Darwin’s Natural Pet Products Intelligent Design LS Liver Support Formula for Canines Liver Care Whitefish (Pollock), Beets, Broccoli, White Potatoes, Turkey Livers, Beef Kidney Fat, Turkey Meat, P view more Frozen Meat 7.0% 7.0% Grain Free
Hill’s k/d with Chicken Canned Dog Food Kidney Care Water, Pork Liver, Corn Starch, Chicken, Chicken Fat, Dextrose, Flaxseed, Dried Beet Pulp, Chicken L view more Canned Meat 16.0% 26.0% Grain Free
Hill’s a/d Canned Dog/Cat Food Urgent Care Water, Turkey Liver, Pork Liver, Chicken, Turkey Heart, Corn Flour, Pork Protein Isolate, Fish Oil, view more Canned Meat 44.0% 33.0% Grain Free
Hill’s s/d Canned Dog Food Urinary Care Water, Corn Starch, Chicken Fat, Pork Liver, Sugar, Egg Product, Powdered Cellulose, Iodized Salt, S view more Canned Meat 7.7% 26.3% Grain Free
Hill’s c/d Multicare Chicken & Vegetable Stew Dog Food Urinary Care Water, Chicken, Pork Liver, Carrots, Rice, Green Peas, Corn Starch, Chicken Liver Flavor, Powdered C view more Canned Meat 22.8% 18.3% Grain Free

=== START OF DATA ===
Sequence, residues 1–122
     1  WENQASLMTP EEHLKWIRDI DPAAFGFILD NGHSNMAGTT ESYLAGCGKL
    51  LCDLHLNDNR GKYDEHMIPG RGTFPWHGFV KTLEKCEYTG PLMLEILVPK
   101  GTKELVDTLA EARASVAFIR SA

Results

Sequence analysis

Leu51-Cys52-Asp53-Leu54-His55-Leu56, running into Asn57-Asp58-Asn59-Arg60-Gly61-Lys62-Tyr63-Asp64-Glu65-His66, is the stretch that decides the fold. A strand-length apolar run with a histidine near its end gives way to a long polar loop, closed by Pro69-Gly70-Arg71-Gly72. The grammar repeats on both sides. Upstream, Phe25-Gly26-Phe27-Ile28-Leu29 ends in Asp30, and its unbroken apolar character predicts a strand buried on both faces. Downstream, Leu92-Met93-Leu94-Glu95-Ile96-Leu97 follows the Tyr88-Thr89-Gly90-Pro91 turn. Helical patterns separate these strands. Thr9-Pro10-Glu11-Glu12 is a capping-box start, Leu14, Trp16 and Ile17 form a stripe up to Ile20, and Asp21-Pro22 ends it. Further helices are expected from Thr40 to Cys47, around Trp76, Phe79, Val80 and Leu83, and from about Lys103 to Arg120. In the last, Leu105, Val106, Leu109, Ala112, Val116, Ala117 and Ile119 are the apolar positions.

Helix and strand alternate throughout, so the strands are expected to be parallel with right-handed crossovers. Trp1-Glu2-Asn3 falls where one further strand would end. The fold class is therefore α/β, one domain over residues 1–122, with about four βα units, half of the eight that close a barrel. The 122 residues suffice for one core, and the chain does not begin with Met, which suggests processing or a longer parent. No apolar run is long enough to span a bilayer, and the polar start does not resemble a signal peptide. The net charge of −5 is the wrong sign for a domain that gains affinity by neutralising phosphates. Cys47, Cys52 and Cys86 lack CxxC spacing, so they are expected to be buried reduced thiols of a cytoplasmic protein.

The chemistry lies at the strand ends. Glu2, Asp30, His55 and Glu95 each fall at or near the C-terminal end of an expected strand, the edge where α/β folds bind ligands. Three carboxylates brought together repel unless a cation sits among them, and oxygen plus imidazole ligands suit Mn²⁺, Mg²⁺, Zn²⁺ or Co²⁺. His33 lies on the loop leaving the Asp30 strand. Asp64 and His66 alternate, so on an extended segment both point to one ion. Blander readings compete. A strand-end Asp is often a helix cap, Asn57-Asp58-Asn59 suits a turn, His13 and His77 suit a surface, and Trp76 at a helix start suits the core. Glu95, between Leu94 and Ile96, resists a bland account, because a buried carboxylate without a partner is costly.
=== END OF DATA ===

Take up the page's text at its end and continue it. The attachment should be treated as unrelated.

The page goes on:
Hill’s k/d with Lamb Canned Dog Food Kidney Care Water, Pork Liver, Corn Starch, Lamb, Chicken Fat, Dextrose, Flaxseed, Dried Beet Pulp, Chicken Live view more Canned Meat 16.2% 26.3% Grain Free
Hill’s j/d Dry Dog food Joint Care, Heart Care Whole Grain Corn, Chicken By-Product Meal, Flaxseed, Soybean Mill Run, Brewers Rice, Soybean Meal, P view more Dry Meal 19.2% 16.5% Grain Inclusive
Hill’s i/d Dry Dog Food Digestive Care Brewers Rice, Whole Grain Corn, Chicken Meal, Pea Protein, Egg Product, Corn Gluten Meal, Chicken Fa view more Dry Meal 26.7% 14.4% Grain Inclusive




Separation Anxiety in Dogs

What the mainstream media (and your Instagram feed) gets wrong about separation anxiety in dogs.

The advent of the pandemic in 2020 caused many of us to begin spending most of our time at home with our dogs. Many people used the opportunity of having more time at home to add a new dog to their families.